Fundamentals of design that will improve your work in every dimension
Improving the design of your teaching or research work need not be daunting and will herald remarkable results in a few tiny steps, explains Cavell Ord-Shrimpton
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Designing should be a fun, creative process. We use the psychology of design in every aspect of our lives, from the outfits we put together every day to our decisions about what to eat, watch or read. Almost every aspect of our waking lives requires an aspect of design; we just forget we are doing it!
That is the wonderful thing about the design of products and services – they have been designed so well that we fail to see the beauty of their function; we simply use their effortless assistance in our lives. People often say: “Great design just works,” as if the concepts had descended from the sky into the designer’s mind.
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Great design takes a lot of work, usually learning from the mistakes of others to avoid making the same errors in the next iteration. Good design requires a keen eye and attention to detail, a wealth of creative knowledge, top skills in some form of software or hardware, and years of experience. All that is true, but if you are focused and use the basics, you can achieve good, simple design that is effective and functional. At the end of the day, that is the level at which most of us are pitching with everyday tasks, whether in our teaching or research work.
So why do so many of us ignore design?
The quick answer: design takes time. Whether teaching or presenting your research paper, it is much easier to slap together a presentation or Word document without thinking about the design of it because the software does the work for you, doesn’t it? Yet does it, really? Software is a tool that can be applied well with basic principles but produces horrendous results if these straightforward principles are not applied.
So just what are these principles and how long will they take to implement?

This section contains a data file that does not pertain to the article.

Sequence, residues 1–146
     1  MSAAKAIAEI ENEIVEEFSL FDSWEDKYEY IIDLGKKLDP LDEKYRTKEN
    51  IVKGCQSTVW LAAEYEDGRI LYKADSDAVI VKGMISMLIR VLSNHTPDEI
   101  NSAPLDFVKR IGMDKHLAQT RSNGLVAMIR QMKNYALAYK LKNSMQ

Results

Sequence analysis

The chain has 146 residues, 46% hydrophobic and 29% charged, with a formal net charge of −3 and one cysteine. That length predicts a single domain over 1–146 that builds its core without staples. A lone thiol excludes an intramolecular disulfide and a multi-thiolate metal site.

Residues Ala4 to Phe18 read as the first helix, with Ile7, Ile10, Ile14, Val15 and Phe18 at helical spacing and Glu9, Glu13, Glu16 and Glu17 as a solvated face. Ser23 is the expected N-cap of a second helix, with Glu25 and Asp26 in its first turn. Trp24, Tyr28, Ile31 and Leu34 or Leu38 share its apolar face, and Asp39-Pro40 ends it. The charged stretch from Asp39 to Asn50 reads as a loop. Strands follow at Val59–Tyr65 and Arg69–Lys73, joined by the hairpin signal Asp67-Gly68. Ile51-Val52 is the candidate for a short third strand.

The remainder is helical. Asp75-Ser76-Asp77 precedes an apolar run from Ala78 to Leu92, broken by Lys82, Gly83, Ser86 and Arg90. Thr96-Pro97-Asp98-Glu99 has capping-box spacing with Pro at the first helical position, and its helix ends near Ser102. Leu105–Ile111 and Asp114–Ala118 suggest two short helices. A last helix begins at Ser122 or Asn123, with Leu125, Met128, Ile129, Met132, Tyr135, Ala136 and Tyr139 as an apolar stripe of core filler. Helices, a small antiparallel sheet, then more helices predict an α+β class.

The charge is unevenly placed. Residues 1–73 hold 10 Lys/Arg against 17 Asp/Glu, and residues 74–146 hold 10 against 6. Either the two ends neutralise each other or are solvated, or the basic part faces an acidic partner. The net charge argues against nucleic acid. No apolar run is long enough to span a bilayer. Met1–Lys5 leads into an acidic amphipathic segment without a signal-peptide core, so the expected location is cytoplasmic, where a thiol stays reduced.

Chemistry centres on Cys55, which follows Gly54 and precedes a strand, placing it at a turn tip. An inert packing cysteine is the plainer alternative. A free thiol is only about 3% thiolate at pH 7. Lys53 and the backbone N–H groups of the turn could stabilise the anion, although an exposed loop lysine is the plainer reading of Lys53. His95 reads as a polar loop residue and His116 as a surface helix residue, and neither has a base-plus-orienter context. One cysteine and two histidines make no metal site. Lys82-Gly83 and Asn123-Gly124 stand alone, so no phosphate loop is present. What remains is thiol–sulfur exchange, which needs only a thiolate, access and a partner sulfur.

Choose your font carefully
The holy grail: font choice. There are now thousands of designed fonts out there, but you must use them wisely. You may be tempted to jazz up your work with a fancy postmodern bold serif font or an edgy Sharpie font with a twist, but ask yourself one question: do you really need this font everywhere?
Choose one font for the key title and then use one other font for the body text, with varying point sizes to delineate sections; 18-point, 14-point and 12-point sizes work well, but scale those back if you need to.
Clarify your points with colour
You only need two or tonal variations of each colour. This keeps the project tidy and easy on the eye – and that should be your main goal. Use colour blocks to hold images for consistency, if you have time, and use colour labelling on more complex diagrams and images. When colour labelling you can really go wild with the colours, but aim to use discreet symbols because over-labelling and areas with too much colour will also destroy that well-defined structure you are aiming for.
Should you justify your text?
To justify or not to justify, that is the question when it comes to text alignment. Left justification is a must for Western content, but right justification requires work. Manual formatting, or changing the point size, can tidy up stragglers at the end of paragraphs, but in some cases simply editing the words can improve the overall aesthetic of a text block.
Use space to set the pace
Spacing is the most important factor. Space on a page allows you to take your time when reading. Squashing a lot into a small space helps no one; all it does is give your audience a migraine, and no one wants that. As a rule of thumb, use 1.5 line spacing because it allows the reader to carefully follow the words in a text block.
Margins are also important. They should always be equal – and this also applies to images in boxes. The border should be equal all the way around, unless you are adding text into the frame. People often ignore this and add an awful thin line of colour with two fat edges, which tips the image off-centre. Be vigilant; spacing is your friend when it comes to information.
Quality over quantity
Slow down. Don’t be tempted to convey so much information that no one can read it in one go. Give the viewer the opportunity to absorb the content, to consider what is being said and make suggestions or ask questions. Add three or four points to the slide, paragraph or block and consider how you can use point size and colour to make that content clearer, because clarity is your goal.
Finding the balance between structure and creativity is not easy. It requires refinement, which takes up extra time. You may get frustrated as you make choices through iterations, but the start of the design journey is building up an awareness of how text works on a page – and it is more than worth it. Once you have mastered the above skills, you can move on to grids and Gestalt theory.
Cavell Ord-Shrimpton is course leader and acting head of school in the School of Design at Arden University.